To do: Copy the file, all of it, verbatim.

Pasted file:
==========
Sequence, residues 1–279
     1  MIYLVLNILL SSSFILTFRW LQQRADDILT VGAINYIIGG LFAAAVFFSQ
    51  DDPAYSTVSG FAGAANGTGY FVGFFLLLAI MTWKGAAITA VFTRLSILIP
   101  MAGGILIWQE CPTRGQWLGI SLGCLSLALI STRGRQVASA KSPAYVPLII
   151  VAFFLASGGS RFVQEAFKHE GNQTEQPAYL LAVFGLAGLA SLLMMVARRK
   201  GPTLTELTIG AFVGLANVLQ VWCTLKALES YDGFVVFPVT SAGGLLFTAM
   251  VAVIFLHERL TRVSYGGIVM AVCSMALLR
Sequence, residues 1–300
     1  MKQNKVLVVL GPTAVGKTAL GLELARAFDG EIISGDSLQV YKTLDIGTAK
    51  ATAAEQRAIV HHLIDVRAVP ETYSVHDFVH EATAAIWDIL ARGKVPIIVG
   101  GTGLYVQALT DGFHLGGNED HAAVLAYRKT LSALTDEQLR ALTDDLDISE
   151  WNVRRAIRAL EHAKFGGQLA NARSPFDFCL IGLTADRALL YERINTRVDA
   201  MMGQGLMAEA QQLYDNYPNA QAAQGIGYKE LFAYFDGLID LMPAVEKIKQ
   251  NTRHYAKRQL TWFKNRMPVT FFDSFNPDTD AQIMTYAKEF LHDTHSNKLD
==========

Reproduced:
Sequence, residues 1–279
     1  MIYLVLNILL SSSFILTFRW LQQRADDILT VGAINYIIGG LFAAAVFFSQ
    51  DDPAYSTVSG FAGAANGTGY FVGFFLLLAI MTWKGAAITA VFTRLSILIP
   101  MAGGILIWQE CPTRGQWLGI SLGCLSLALI STRGRQVASA KSPAYVPLII
   151  VAFFLASGGS RFVQEAFKHE GNQTEQPAYL LAVFGLAGLA SLLMMVARRK
   201  GPTLTELTIG AFVGLANVLQ VWCTLKALES YDGFVVFPVT SAGGLLFTAM
   251  VAVIFLHERL TRVSYGGIVM AVCSMALLR
Sequence, residues 1–300
     1  MKQNKVLVVL GPTAVGKTAL GLELARAFDG EIISGDSLQV YKTLDIGTAK
    51  ATAAEQRAIV HHLIDVRAVP ETYSVHDFVH EATAAIWDIL ARGKVPIIVG
   101  GTGLYVQALT DGFHLGGNED HAAVLAYRKT LSALTDEQLR ALTDDLDISE
   151  WNVRRAIRAL EHAKFGGQLA NARSPFDFCL IGLTADRALL YERINTRVDA
   201  MMGQGLMAEA QQLYDNYPNA QAAQGIGYKE LFAYFDGLID LMPAVEKIKQ
   251  NTRHYAKRQL TWFKNRMPVT FFDSFNPDTD AQIMTYAKEF LHDTHSNKLD